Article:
ImageFinally, I thought I’d also show you what I got for The Boy for a post-hapkido snack, so you don’t think that I’m keeping all of these treats to myself. So here is a picture of 바나나우유 [“pa-na-na u-yu”] (banana milk). The u-yu (milk) here is delicious, so far I have found pa-na-na (banana) and dal-gi (strawberry) flavors. I am not sure if they have any other flavors, but there are also these really cute miniature bottles that are like yogurt smoothies. When I say little, I really mean little. I’ll try to get some of those for the next Scooby Snacks post. So the u-yu comes in containers that you don’t actually open. It has a foil seal on the top, and you get a small straw (aka glorified coffee stir-stick with a pointy end…er…not far off from a Capri-Sun straw) and jab it through the foil. Pictured with it is the other/second pack of “original flavored cookies” that I was good and did not devour.

Sweaty Cash

Posted in Korea, military by MommyTaco on 20 June 2013

ImageHere’s a ridiculous picture I took of me fanning myself off with some Korean money. I just got home from exchanging some cash (the exchange rate is higher today than usual!). While sweating it out on the walk home, I was feeling quite proud of myself with my new found language skills. I can successfully ask for a 50,000₩ note (o-man won)  to be changed into five 10,000₩ notes (man won)! Actually, I can also ask for a 1,000₩ note (il-ch’on won) to be changed into ten 100₩ coins (paek won), too. I took my mad Korean Language Class skills that I learned from the class at ACS (Army Community Service, for those non-Army folk) and put them to good use a few weeks ago. Around here, you never want to go to the market with a 50,000₩ bill, because you’re not likely to find someone who can make change for it when you’re just paying a few thousand won for an item. They also seem to find it a big inconvenience. So I try to keep the big money for the bills only.

So…it’s getting hot here, and quite humid, as you’ll also note from the layer of sweat shine on my forehead and nose. Monsoon season is upon us, so we’re pretty much going around with a constant feeling of yuck on our skins. Remember all those times I said I was tired of living in the desert? Well I take it back, for the next couple of years. Until we retire in the glorious mountains of either Colorado or Washington states, I doubt I’ll ever stop complaining about the type of weather we’re living in.

That’s all of the big news around here for now. I’ve had other things I want to blog about, but at the time the idea comes up, I either am busy doing something else, or busy doing something else. I get about 1.5 hours of free time each day during the week, thanks to the joys of homeschooling. That is dripping with sarcasm like my husband’s PT shirt drips with sweat (gross!). Really, I suppose the homeschooling is going well…I haven’t given up yet…but there’s a long way to go for us figuring out our routine. Unfortunately, I’m a person who wants instant results, and the rollercoaster good days vs. bad days does not encourage me one single bit. But I am still completely sold on the decision to be doing it, and am looking forward to the options I have for tweaking our routine up for the summer time.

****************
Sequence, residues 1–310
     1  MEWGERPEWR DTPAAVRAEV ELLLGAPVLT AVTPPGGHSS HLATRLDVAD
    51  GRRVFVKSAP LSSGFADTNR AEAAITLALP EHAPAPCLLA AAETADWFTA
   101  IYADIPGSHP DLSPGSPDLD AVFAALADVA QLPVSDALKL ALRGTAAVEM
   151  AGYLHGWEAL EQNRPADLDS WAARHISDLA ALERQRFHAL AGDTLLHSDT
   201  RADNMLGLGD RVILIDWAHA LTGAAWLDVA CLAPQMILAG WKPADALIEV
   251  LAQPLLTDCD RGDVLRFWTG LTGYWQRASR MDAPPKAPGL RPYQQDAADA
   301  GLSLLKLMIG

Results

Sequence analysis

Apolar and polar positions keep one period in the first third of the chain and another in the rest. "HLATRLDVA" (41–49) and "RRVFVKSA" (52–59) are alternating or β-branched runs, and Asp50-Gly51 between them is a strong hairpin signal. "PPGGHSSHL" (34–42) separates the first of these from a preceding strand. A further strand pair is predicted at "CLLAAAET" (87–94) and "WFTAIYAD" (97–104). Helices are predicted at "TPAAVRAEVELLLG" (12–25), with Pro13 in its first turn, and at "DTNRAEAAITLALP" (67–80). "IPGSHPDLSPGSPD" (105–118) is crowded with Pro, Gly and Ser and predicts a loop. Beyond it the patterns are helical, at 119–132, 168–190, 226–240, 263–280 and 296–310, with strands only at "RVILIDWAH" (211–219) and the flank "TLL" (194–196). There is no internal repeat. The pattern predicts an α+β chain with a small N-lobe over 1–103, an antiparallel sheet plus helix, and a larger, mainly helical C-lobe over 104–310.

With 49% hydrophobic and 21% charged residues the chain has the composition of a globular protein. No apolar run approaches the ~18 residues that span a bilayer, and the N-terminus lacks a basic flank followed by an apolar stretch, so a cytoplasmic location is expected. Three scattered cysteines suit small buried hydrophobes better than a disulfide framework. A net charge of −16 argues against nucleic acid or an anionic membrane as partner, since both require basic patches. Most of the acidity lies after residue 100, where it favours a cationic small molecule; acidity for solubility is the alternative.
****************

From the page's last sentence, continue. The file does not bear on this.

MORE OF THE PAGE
Mail Call – *MY* Side of the Story

Posted in blogging, Korea, marriage, military, parenting by MommyTaco on 29 March 2013

I started to post this on Facebook, sharing a photo my husband uploaded today, but it got to be so long of a post that I decided I should just turn it into a blog. I haven’t blogged in a few days either….two birds, one stone. Also, this is one of those moments we will both look back upon and laugh with each other. Guaranteed….

There is never a dull moment for our family. This morning, we walked to post to catch the Saturday mail room hours, PX and Commissary. Taco hit the mailroom while Sid and I did the shopping. We found him at the bus stop next to Gate 4 pissed off at me with two giant boxes (The Boy’s homeschool materials already arrived!) and a Priority mail box (thanks, Mom!) and showed me where, for carrying sake, he had already opened my box of Scentsy Scent Paks and had shoved them in his pants, along with a DVD from his parents. Judging by the look on his face, he was pretty pissed at me, but all he said was to order in moderation from now on, and he’s never picking up mail for me again. When asked why he didn’t call a taxi, he said “it’s just down the street” to our house. So I struggled with a power transformer and two full hands of grocery sacks down the street with The Boy complaining that his bag from the PX containing his newly purchased DS game (bought with his own money that he has been saving from his allowance) and a bottle of water was getting too heavy. Apparently we are going to have to start some type of muscle building routine into his Homeschool/PE time.

Taco was offered a ride from one of his fellow Soldiers who saw us coming out of the gate, but declined as, “it’s just down the street.” We each stopped a few times, to readjust the weight around and give our arms a break, and I got far enough ahead of Taco that I couldn’t really see him anymore. Just as we reached the street corner of by our house, I met up with a new acquaintance – the pastor’s wife for a church that we have been invited to attend for Easter Service and potluck lunch. So I chatted with her for a while about the predicament and assured we’d see each other tomorrow morning. As I climbed the stairs to our house, I decided that it would be very kind of me to drop the groceries off inside the kitchen and return to help my struggling husband. One of these boxes weighed nearly 50lbs, and they were really big and awkward. I really did feel bad.